On April 2, deja-vu struck at The Rainbow Room atop Rockefeller Center in New York City—I watched Samsung pull the veil off a TV that I saw a couple of weeks ago at my local Best Buy. It was the JS9500, Samsung’s top TV for 2015.
The JS9500 series “SUHD” TVs are FALD (full-array local dimming) LCDs that incorporate quantum dots—aka Nano-Crystals in Samsung’s parlance. The headline features of these 4K/UHD TVs are HDR (high dynamic range) capability and extended color gamut. According to Samsung, the SUHD models render 92% of the DCI-P3 gamut, the color standard used in commercial cinemas.
The Technology Seminar
The day started with an hours-long, invitation-only seminar aimed at TV reviewers. Kevin Miller—one of the top pro calibrators in the business—gave an informative presentation about best practices for calibrating the latest TVs and optimizing settings for HDR playback on the JS9500. As a bonus, everyone in attendance scored a USB thumb drive with HDR-mastered content from Life of Pi and Exodus. I look forward to using that content in a review of a Samsung SUHD TV.
One of the most interesting aspects of the seminar was a comparison of four different TVs. Three displays were 65″ LED-LCDs—a JS9500, a 2014 Samsung UHD TV, and what was obviously a Sony UHD TV, though it was explicitly not identified. The fourth was a 65″ OLED UHD TV—again, not identified but obviously an LG. The JS9500 played specially mastered clips from Exodus with HDR and DCI-P3 color, while the other three TVs played BT.709-mastered content (theBlu-ray standard). There was an undeniable richness directly attributable to DCI-P3, and the improved contrast offered by HDR made the images pop compared to the Blu-ray version.
Part of the demonstration involved a comparison of BT.709 footage on all four screens, with an emphasis on the differences between the OLED and Samsung SUHD. It was very interesting because the OLED had the upper hand in terms of contrast, whereas the LCDs seemed to reproduce shadow detail and color with greater accuracy.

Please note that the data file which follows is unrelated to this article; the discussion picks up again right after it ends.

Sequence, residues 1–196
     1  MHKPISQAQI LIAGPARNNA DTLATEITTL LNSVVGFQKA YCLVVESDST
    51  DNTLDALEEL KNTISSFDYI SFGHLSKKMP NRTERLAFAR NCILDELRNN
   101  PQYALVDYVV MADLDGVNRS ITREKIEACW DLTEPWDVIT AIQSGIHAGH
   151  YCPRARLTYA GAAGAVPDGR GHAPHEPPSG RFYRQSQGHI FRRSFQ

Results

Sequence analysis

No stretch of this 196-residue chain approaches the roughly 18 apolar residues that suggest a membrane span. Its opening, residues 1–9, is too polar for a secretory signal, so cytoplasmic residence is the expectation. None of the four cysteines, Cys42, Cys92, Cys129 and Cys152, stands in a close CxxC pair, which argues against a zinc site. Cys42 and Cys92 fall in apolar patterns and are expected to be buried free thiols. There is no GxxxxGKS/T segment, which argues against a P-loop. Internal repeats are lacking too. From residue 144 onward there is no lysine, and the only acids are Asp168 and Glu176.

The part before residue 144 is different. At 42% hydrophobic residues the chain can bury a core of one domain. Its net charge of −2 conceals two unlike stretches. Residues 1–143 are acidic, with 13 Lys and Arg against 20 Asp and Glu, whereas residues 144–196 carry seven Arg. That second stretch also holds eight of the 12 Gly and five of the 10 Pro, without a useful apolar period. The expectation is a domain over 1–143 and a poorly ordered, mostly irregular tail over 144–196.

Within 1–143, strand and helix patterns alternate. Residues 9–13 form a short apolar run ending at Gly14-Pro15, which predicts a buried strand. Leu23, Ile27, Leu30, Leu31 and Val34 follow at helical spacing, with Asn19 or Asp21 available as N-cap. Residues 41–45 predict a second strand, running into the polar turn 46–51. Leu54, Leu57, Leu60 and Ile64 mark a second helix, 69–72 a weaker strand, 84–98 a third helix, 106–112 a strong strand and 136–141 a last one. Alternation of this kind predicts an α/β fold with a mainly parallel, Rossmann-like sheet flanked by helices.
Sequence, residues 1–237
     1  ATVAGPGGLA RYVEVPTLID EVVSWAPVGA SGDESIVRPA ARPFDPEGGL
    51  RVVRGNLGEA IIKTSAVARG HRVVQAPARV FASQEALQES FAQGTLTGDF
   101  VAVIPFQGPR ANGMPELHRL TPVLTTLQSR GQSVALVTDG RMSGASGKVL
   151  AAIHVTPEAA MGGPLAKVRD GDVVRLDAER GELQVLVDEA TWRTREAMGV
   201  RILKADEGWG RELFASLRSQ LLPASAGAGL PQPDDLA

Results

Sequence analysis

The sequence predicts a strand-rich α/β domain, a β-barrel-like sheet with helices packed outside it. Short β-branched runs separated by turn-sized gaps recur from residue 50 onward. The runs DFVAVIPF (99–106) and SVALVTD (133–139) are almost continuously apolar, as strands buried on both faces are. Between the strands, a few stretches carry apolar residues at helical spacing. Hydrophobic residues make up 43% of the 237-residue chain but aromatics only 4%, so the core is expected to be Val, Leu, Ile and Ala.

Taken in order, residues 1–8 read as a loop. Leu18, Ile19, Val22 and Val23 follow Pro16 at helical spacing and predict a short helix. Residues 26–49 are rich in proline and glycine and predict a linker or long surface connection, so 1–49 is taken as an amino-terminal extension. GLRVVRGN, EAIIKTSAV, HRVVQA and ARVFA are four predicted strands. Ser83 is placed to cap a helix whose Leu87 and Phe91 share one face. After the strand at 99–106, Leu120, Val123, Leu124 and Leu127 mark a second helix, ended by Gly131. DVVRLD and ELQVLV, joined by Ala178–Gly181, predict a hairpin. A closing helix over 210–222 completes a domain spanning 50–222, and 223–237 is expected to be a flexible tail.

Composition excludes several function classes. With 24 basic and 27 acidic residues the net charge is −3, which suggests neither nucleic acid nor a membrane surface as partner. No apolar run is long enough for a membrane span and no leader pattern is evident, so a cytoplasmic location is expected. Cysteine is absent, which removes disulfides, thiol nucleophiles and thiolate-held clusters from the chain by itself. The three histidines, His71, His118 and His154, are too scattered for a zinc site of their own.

The OLED TV I saw at the demo had a tendency to crush shadow detail. It was not the first time I’ve seen an OLED display do that, so it did not come as a surprise. It also suffered from a noisier image than the three LCDs, which TV reviewer and pro calibrator David Mackenzie—of HDTVtest fame—attributed to undefeatable sharpening. Furthermore, the OLED exhibited clear problems with color tracking. Much like some other OLEDs I’ve seen, it rendered turquoise shades as green.
While it was true that the LCDs—and the JS9500 in particular—outperformed the OLED in terms of color accuracy and shadow rendition, the FALD algorithm used in the Samsung JU9500 was not able to overcome the inherently lower native contrast that haunts transmissive LCD displays.
When viewed in the dark, shadow regions on the JS9500 SUHD exhibited elevated black levels and noticeable blooming. Additionally, the three LCD’s were almost unwatchable when viewed significantly off-axis. Unfortunately, it appears you have to choose between the ultimate contrast of OLED and greater color/shadow-detail accuracy offered by flagship LCDs. As of 2015, the perfect display does not yet exist.